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Be Anti-Stress during Anti-Aging Therapy

Stress is an inevitable part of our lives, but it can also be a detrimental one. When stress builds up, it can affect our health and happiness in countless different ways, even speeding up some of the negative effects of the aging process.


Because stress can make such a big impact, we can all benefit from learning how to relieve stress and lead calm and peaceful lives. Though stress isn’t something that can ever be eliminated entirely, stress reduction can be a valuable part of improving your health during anti-aging treatment.


Know Your Stressors

The first step in getting a handle on stress is to figure out its causes. We all have different things in our lives that contribute to stress levels. Work, money and relationships are common stressors, but your stress may also be related to personal behaviors like procrastination or overcommitting yourself. Even positive events like marriage and buying a new house can be stressful.


Think about how you live, from your habits to your attitude. To get a better idea of your stressors, it’s best to start a journal—this way, every time you’re stressed, you can make a guess at the cause and jot down how you feel and respond. Use your journal to identify patterns and factors that have the biggest impact on your stress levels.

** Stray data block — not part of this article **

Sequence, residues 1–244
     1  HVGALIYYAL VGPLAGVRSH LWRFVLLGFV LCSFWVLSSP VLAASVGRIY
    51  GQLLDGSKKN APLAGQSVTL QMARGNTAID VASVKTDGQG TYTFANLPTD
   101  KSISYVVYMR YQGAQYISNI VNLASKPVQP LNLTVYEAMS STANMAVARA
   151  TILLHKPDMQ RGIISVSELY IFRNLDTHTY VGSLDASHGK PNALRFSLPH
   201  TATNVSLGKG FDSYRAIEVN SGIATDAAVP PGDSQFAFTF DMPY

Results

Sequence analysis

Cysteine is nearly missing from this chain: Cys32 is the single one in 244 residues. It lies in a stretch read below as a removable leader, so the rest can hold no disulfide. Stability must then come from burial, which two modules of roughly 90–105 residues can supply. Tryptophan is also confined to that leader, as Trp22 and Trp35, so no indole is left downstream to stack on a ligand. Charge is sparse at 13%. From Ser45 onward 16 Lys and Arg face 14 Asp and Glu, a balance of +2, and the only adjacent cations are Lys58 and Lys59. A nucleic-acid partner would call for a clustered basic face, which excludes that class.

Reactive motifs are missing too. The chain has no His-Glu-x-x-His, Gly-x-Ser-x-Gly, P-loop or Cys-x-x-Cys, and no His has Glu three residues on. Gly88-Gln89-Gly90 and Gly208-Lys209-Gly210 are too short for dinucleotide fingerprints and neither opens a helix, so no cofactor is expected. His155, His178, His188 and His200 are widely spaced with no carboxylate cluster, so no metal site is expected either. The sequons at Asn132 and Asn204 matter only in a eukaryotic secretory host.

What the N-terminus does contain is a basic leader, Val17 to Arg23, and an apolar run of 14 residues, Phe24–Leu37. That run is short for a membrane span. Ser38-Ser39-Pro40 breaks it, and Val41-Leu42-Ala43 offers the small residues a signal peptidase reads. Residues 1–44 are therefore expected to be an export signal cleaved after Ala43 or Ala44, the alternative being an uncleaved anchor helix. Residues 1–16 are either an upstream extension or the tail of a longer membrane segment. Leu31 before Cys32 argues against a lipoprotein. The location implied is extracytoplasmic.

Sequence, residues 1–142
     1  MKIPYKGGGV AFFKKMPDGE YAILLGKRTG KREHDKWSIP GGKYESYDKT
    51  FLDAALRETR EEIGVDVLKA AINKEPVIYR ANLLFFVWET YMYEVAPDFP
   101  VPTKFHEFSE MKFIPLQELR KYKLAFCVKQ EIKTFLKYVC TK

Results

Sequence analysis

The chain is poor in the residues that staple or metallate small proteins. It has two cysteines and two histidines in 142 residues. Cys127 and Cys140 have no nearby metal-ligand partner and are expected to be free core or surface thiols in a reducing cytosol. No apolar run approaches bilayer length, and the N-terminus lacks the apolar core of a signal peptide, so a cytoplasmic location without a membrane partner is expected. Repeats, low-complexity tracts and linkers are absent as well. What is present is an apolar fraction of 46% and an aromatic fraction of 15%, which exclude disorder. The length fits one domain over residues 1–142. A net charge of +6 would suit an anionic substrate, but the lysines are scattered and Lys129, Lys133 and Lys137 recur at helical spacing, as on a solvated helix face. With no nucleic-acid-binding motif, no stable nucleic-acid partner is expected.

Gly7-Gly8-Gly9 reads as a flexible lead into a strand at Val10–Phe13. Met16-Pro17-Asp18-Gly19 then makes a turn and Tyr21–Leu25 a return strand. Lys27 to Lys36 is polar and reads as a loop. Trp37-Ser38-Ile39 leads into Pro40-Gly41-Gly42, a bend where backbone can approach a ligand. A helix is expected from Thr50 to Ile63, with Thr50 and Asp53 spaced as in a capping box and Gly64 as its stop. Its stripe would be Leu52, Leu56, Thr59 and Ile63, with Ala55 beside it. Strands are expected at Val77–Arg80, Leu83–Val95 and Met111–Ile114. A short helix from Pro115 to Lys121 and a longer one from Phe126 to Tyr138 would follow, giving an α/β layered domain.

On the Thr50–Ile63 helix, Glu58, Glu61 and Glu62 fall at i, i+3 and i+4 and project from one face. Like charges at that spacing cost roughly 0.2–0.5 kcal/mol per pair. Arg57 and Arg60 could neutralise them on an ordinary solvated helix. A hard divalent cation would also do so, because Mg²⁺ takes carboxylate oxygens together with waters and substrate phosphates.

Make a Difference

Once you have a better understanding of your stressors, you can start taking positive steps to deal with them. There are many unhealthy ways of coping with stress—things that reduce stress temporarily but only worsen it later. Drinking too much, overeating, oversleeping, cutting yourself off from friends, spending hours in front of the TV—if you do any of these things, it’s time to find a healthier way to handle stress.


Start thinking about the stressors you’ve identified and assess them one at a time. If the stressor can be altered or avoided, think about how you can accomplish that by considering the step-by-step actions that will reduce the stressor’s impact. Can you manage time better, delegate tasks to someone else or avoid people and situations that stress you out?


If a stressor is beyond your control, that’s OK—you just need to learn how to accept and adapt to that stressor. Instead of trying to control uncontrollable problems like illness and the actions of others, focus on things you can control, like your own reaction. Try to remain positive and see every situation as a chance to grow and become wiser.


Of course, many things can help us live peaceful lives regardless of the stressors we face. Be sure to take care of yourself by eating a healthy diet, getting enough (but not too much) sleep and exercising regularly. You can also try relaxing activities like yoga, meditation, deep breathing and going for walks in nature.